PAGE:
Vikings’ 25 and under top 10: Kyle Rudolph

Kyle Rudolph might not seem like one of the team’s younger players, but he could remain a Viking for years to come if he can overcome the injury bug.

Kyle Rudolph was the Vikings’ second-round pick in 2011 after he declared for the draft following his junior season. There was a red flag surrounding him after he missed time during his sophomore and junior seasons because of injuries, but in the Vikings’ eyes, his potential seemed to outweigh the risk.

Unfortunately, since being drafted Rudolph has played in all 16 regular season games just once and played in less than 10 games in the 2013 and 2014 seasons. If there is a bright spot to his list of injuries, it would be that they do not appear to be reoccurring injuries, just unlucky ones that seem to continue to show up early in his career.

The Vikings seem to still be high on his potential even though he has continued to miss time with injuries. In 2013, he missed half of the season with a fractured foot but the team still signed him to a five-year, $40 million extension.

That’s the type of money teams will give an elite tight end in the NFL, so it speaks to the amount of respect the Vikings have for what he can do on the field. During the 2012 season, which was his best year, Rudolph recorded 53 receptions for 493 yards and nine touchdowns, and that is when he had Christian Ponder throwing him the ball.

It is often hard to find a tight end that has a big body, is athletic, and has the ability to run good routes and catch the ball well. When a team finds one, such as the Vikings did with Rudolph, they will pay them big money in order to keep them on their roster. Now the Vikings are just hoping that Rudolph’s injuries come to an end so he can begin to produce on a consistent basis.

This season, the tight end will have Teddy Bridgewater, a quarterback that showed a lot of promise as a rookie, throwing him the ball. That is a big reason why Rudolph should be able to have his best year if he is able to stay healthy.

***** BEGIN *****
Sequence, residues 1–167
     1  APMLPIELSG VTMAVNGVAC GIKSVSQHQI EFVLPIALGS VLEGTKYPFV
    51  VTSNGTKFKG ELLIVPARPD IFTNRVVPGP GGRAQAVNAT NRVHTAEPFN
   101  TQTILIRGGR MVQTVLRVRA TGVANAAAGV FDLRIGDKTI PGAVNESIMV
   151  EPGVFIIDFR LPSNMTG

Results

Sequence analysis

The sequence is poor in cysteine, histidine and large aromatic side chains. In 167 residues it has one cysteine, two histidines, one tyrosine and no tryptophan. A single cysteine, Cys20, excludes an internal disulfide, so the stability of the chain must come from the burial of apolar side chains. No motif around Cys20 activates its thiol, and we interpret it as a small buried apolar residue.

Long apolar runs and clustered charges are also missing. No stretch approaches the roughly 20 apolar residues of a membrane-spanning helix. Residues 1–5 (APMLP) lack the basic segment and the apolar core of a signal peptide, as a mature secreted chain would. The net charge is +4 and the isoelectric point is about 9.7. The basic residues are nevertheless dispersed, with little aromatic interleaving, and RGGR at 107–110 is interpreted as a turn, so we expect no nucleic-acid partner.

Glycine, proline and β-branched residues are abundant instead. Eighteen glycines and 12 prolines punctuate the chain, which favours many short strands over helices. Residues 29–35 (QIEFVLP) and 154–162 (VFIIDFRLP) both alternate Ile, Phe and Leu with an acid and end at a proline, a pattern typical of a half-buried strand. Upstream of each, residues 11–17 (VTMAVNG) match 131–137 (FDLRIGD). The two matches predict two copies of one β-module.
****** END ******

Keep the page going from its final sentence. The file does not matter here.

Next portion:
Bridgewater showed last year that he likes to throw to his tight ends and offensive coordinator Norv Turner has taken advantage of talented tight ends throughout his career. Rudolph is 6-foot-6, 265 pounds, which makes him an ideal target in the red zone and down the middle of the field.

If 2015 is a continuation from the last couple of year, however, the Vikings are going to need to replace Rudolph again. They did a good job doing so last year using a combination of Chase Ford, a pass-catching tight end, and Rhett Ellison, a blocking tight end. Then in this year’s draft they added MyCole Pruitt, who has been compared to Charles Clay as a player that has the ability to do everything and move all over the field.

After his extension, Rudolph is set to be with the Vikings until he is 30 years old (31 that November). If he is able to start to produce consistently, that could be a blessing for the team as a good tight end is hard to find and can be a quarterback’s best fried. But if the injuries continue to pile up for Rudolph it will be hard for the Vikings to justify keeping him on the roster for that much money, especially when he is only playing in eight or nine games a season.

That could also be a reason why the team drafted Pruitt this offseason – just to make sure they have a safety net in case they ever need to part ways with their 2012 Pro Bowl MVP.

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